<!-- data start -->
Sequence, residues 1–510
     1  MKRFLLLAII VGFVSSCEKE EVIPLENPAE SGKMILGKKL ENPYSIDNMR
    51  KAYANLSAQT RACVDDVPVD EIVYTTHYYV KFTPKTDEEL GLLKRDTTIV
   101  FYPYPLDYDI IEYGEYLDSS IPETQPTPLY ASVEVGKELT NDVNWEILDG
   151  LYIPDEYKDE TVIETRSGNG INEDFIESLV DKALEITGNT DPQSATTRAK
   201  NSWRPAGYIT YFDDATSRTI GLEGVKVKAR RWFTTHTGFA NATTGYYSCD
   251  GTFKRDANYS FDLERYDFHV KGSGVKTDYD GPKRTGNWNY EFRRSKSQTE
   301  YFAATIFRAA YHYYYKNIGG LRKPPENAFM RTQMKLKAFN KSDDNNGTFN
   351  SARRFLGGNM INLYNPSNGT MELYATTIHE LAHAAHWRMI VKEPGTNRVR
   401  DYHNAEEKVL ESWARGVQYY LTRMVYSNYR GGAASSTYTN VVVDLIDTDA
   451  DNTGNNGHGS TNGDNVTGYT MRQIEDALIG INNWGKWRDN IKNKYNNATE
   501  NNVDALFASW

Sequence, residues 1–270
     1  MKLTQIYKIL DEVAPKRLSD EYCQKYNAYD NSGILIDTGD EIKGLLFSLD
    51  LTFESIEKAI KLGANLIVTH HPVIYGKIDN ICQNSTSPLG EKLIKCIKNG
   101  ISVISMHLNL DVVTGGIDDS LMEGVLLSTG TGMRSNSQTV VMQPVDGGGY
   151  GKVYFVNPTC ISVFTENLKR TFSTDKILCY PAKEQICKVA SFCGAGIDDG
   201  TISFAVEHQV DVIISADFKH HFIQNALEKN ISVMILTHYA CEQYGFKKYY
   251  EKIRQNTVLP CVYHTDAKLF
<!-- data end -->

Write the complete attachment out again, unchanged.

Sequence, residues 1–510
     1  MKRFLLLAII VGFVSSCEKE EVIPLENPAE SGKMILGKKL ENPYSIDNMR
    51  KAYANLSAQT RACVDDVPVD EIVYTTHYYV KFTPKTDEEL GLLKRDTTIV
   101  FYPYPLDYDI IEYGEYLDSS IPETQPTPLY ASVEVGKELT NDVNWEILDG
   151  LYIPDEYKDE TVIETRSGNG INEDFIESLV DKALEITGNT DPQSATTRAK
   201  NSWRPAGYIT YFDDATSRTI GLEGVKVKAR RWFTTHTGFA NATTGYYSCD
   251  GTFKRDANYS FDLERYDFHV KGSGVKTDYD GPKRTGNWNY EFRRSKSQTE
   301  YFAATIFRAA YHYYYKNIGG LRKPPENAFM RTQMKLKAFN KSDDNNGTFN
   351  SARRFLGGNM INLYNPSNGT MELYATTIHE LAHAAHWRMI VKEPGTNRVR
   401  DYHNAEEKVL ESWARGVQYY LTRMVYSNYR GGAASSTYTN VVVDLIDTDA
   451  DNTGNNGHGS TNGDNVTGYT MRQIEDALIG INNWGKWRDN IKNKYNNATE
   501  NNVDALFASW

Sequence, residues 1–270
     1  MKLTQIYKIL DEVAPKRLSD EYCQKYNAYD NSGILIDTGD EIKGLLFSLD
    51  LTFESIEKAI KLGANLIVTH HPVIYGKIDN ICQNSTSPLG EKLIKCIKNG
   101  ISVISMHLNL DVVTGGIDDS LMEGVLLSTG TGMRSNSQTV VMQPVDGGGY
   151  GKVYFVNPTC ISVFTENLKR TFSTDKILCY PAKEQICKVA SFCGAGIDDG
   201  TISFAVEHQV DVIISADFKH HFIQNALEKN ISVMILTHYA CEQYGFKKYY
   251  EKIRQNTVLP CVYHTDAKLF